I will definitely be making this butternut squash gratin recipe for Thanksgiving. The recipe works pretty much as written. The only suggestion I have would be to add some stock or water while the squash is being cooked. The sauté pan is very dry and there is a lot of fond at the bottom which would benefit from deglazing. The liquid would also generate steam in the pan and help the squash cook more quickly. My squash took about 8 minutes to get slightly tender in the pan. The baking time was accurate at 30 minutes.

Like hearing the PERFECT song (that would be Crazy from Patsy Cline) can set the tone for your day, this PERFECT side dish can do EXACTLY that for any meal. When you taste it, you will instantly be transported to the holidays. I love EVERYTHING about this butternut squash gratin recipe. You will, too. Nature’s candy and Gruyère. It tastes like Thanksgiving! This recipe is so straightforward. This is one of the best things I’ve EVER made. No exaggeration.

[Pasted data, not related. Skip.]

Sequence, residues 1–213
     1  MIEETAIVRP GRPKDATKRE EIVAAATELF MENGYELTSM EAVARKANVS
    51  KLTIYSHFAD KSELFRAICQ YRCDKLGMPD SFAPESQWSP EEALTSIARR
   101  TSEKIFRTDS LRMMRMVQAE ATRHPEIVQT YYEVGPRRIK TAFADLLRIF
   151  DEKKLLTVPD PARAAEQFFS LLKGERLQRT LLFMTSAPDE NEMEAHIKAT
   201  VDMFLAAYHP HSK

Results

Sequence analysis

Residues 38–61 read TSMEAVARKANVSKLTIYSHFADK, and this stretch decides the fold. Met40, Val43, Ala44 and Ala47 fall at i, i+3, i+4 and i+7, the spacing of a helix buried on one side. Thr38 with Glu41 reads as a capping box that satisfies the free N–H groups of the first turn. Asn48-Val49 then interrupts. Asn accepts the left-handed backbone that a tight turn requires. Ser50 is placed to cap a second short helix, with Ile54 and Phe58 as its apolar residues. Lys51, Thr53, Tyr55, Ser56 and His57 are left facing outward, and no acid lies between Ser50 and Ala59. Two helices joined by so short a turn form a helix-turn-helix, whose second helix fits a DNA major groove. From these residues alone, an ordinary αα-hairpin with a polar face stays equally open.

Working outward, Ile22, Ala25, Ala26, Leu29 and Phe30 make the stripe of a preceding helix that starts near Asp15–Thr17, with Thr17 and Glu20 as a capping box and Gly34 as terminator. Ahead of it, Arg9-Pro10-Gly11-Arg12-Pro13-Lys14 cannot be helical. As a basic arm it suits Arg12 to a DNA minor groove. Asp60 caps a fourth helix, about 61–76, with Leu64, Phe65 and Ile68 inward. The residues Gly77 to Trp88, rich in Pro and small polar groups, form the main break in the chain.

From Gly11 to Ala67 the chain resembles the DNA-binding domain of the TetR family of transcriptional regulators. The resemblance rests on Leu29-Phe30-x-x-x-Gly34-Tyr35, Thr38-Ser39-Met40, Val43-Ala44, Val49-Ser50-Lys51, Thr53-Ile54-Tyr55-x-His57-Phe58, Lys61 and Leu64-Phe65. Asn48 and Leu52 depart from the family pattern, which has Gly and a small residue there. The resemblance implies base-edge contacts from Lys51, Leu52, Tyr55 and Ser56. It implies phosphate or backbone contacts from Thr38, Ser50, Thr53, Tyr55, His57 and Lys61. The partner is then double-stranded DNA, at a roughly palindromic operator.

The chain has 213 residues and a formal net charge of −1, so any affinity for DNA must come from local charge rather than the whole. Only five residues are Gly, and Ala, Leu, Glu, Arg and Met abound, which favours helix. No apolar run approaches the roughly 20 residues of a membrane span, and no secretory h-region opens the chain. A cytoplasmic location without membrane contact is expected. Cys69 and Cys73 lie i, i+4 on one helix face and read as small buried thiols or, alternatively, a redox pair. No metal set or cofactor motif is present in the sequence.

This butternut squash gratin recipe is fantastic—great flavors and easy to make (aside from peeling the squash). What I liked: First and foremost, I liked the flavor of this particular mix of ingredients. It was so delicious that everyone had second helpings. What I would do next time: We're not very big chive fans, and so I might use other herbs, like thyme. I would also switch up the cheese to maybe a mix of cheeses, but this is only because we love all types of cheese. How to adjust the most difficult part: A gratin is usually thin slices of potato and because the pieces of potato are so thin, you usually don't have to stove cook first. Because this is stove-cooked to tenderness before it's baked in the oven, I think it would be possible to use pre-cut chunks of butternut squash they sell at certain grocery stores. You would not have the elegance of the thin layer but it would avoid the peeling and cutting of the butternut squash.

I made this butternut squash gratin recipe last night, and it's now on my short list of Thanksgiving and Christmas sides. I just love it. It's beautiful and delicious, and the directions are clear, concise, and easy to follow. I love butternut squash and have grown them for the last few years—ever since I threw the seeds from one into a flower bed and ended up with plants that produce and then reseed when I leave one out there to finish off its season. This not only tastes marvelous, but it also makes a beautiful presentation. And leftovers reheated in the oven until bubbly are only better. A real winner!